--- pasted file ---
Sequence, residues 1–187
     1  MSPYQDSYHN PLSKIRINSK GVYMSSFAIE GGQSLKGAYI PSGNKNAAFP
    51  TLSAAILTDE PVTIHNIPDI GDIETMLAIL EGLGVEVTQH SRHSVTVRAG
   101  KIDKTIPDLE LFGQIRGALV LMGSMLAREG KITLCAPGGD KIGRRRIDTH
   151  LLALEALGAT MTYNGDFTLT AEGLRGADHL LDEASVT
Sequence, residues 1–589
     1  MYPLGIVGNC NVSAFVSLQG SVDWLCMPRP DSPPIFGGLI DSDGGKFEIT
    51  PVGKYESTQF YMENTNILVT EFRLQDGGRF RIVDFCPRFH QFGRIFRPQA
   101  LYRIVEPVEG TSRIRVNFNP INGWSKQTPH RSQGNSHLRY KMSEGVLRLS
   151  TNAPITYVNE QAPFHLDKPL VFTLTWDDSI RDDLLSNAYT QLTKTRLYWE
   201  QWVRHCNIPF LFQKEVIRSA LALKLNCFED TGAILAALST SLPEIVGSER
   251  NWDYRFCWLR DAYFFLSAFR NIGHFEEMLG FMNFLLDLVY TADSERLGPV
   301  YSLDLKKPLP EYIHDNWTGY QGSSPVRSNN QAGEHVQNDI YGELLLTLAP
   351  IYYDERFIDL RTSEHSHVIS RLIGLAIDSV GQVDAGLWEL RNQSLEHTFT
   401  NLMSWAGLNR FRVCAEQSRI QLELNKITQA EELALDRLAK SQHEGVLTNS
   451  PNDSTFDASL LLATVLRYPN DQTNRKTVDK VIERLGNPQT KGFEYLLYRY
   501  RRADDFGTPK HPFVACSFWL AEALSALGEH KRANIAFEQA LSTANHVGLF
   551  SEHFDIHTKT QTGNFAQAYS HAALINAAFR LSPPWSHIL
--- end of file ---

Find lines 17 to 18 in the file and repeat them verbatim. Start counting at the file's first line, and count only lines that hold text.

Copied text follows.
   501  RRADDFGTPK HPFVACSFWL AEALSALGEH KRANIAFEQA LSTANHVGLF
   551  SEHFDIHTKT QTGNFAQAYS HAALINAAFR LSPPWSHIL